Campus Technology is proud to host four dynamic keynotes at our annual event. Keynote Sessions provide an opportunity to engage attendees on important topics and content that are reflective of the prevailing themes of the conference. These highly regarded professionals are passionate about sharing their expertise with audiences.
Tuesday, July 29 • 8:30 am - 9:30 am
Freeman A. Hrabowski, III
'Innovation in Higher Education: Leadership and the Role of Technology'
Technology is increasingly important to conquering the broad challenges in higher education. Leaders who seek to innovate must understand and harness technology -- and the computing power and analytics it affords us - while balancing this with institutional risk and the implications of technology for who we are as individuals and a society.
About: Freeman A. Hrabowski, III, has served as President of UMBC (The University of Maryland, Baltimore County) since 1992. His research and publications focus on science and math education, with special emphasis on minority participation and performance. He chaired the National Academies’ committee that produced the recent report, Expanding Underrepresented Minority Participation: America’s Science and Technology Talent at the Crossroads. He also was recently named by President Obama to chair the newly created President’s Advisory Commission on Educational Excellence for African Americans.
In 2008, he was named one of America’s Best Leaders by U.S. News & World Report, which ranked UMBC the nation’s #1 “Up and Coming” university the past five years (2009-13). During this period, U.S. News also consistently ranked UMBC among the nation’s leading institutions for “Best Undergraduate Teaching” – in 2013, other universities on the list included Duke, Cal-Berkeley, Princeton, and Brown. TIME magazine named him one of America’s 10 Best College Presidents in 2009, and one of the “100 Most Influential People in the World” in 2012. In 2011, he received both the TIAA-CREF Theodore M. Hesburgh Award for Leadership Excellence and the Carnegie Corporation of New York’s Academic Leadership Award, recognized by many as the nation’s highest awards among higher education leaders. Also in 2011, he was named one of seven Top American Leaders by The Washington Post and the Harvard Kennedy School’s Center for Public Leadership. In 2012, he received the Heinz Award for his contributions to improving the “Human Condition” and was among the inaugural inductees into the U.S. News & World Report STEM Solutions Leadership Hall of Fame.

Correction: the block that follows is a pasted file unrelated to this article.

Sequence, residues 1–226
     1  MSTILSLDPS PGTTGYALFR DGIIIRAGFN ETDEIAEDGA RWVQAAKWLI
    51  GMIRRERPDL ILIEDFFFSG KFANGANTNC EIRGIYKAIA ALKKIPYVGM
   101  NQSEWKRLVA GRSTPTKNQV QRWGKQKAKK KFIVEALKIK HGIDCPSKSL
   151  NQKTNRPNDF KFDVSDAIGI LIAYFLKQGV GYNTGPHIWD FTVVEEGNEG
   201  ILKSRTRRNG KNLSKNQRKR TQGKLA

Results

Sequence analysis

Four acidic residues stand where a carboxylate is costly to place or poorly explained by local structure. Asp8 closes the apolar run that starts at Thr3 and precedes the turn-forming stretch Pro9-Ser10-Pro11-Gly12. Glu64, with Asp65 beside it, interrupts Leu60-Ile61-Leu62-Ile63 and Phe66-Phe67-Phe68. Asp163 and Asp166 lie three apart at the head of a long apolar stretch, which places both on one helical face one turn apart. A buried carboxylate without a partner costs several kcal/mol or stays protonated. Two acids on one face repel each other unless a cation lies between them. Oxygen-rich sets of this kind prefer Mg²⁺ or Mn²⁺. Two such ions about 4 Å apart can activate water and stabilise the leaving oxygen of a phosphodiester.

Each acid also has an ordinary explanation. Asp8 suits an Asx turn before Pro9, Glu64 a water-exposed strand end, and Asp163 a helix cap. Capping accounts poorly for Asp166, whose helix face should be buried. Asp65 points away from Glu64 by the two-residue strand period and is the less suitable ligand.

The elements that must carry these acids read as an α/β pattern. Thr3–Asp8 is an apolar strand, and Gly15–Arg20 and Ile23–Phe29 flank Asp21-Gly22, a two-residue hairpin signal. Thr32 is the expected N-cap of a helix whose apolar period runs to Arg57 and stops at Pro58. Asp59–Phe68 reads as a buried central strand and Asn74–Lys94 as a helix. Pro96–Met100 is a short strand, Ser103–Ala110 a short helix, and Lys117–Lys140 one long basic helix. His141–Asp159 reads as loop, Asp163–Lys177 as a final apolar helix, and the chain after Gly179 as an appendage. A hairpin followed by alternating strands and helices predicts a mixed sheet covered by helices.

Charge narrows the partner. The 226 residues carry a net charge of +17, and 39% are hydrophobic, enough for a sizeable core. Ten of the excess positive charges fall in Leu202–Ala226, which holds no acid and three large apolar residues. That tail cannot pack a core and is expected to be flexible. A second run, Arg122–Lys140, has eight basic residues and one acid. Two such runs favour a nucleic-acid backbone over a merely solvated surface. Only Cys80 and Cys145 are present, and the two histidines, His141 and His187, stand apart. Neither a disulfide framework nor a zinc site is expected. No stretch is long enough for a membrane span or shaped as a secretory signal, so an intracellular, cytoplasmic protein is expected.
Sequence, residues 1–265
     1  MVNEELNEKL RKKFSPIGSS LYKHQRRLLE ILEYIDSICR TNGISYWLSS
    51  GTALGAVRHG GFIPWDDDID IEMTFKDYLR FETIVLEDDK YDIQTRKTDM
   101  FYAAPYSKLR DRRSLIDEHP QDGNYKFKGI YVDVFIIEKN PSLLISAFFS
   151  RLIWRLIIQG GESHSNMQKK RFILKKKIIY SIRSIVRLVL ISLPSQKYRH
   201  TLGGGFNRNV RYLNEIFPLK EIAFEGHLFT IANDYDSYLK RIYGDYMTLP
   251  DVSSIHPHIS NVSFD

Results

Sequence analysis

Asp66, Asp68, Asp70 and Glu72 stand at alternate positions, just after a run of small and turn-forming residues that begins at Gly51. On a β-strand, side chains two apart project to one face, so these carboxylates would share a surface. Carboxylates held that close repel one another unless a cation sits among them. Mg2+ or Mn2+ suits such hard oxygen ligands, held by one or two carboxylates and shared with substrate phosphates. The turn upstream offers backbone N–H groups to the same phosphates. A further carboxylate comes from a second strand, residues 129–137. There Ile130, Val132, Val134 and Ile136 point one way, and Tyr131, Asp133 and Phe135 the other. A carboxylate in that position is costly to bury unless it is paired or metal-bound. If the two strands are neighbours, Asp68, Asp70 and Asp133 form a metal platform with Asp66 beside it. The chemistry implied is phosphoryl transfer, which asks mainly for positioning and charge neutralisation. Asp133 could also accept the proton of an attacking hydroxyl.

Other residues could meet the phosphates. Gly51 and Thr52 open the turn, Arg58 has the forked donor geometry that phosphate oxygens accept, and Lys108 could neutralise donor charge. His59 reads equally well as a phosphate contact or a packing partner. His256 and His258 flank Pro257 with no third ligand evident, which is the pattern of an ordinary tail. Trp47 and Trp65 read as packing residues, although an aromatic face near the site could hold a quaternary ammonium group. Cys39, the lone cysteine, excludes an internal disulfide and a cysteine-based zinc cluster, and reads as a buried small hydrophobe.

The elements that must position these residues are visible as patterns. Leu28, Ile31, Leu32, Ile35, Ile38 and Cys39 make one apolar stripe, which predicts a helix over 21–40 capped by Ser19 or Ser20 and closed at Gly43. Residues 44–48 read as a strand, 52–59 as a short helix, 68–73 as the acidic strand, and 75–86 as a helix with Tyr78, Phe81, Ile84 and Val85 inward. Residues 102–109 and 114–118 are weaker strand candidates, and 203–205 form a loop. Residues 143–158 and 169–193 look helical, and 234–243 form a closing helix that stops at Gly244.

He serves as a consultant to the National Science Foundation, the National Institutes of Health, the National Academies, and universities and school systems nationally. He also serves on the boards of the Alfred P. Sloan Foundation, France-Merrick Foundation, Marguerite Casey Foundation (Chair), T. Rowe Price Group, The Urban Institute, McCormick & Company, and the Baltimore Equitable Society. He served previously on the boards of the Carnegie Foundation for the Advancement of Teaching and the Maryland Humanities Council (member and Chair).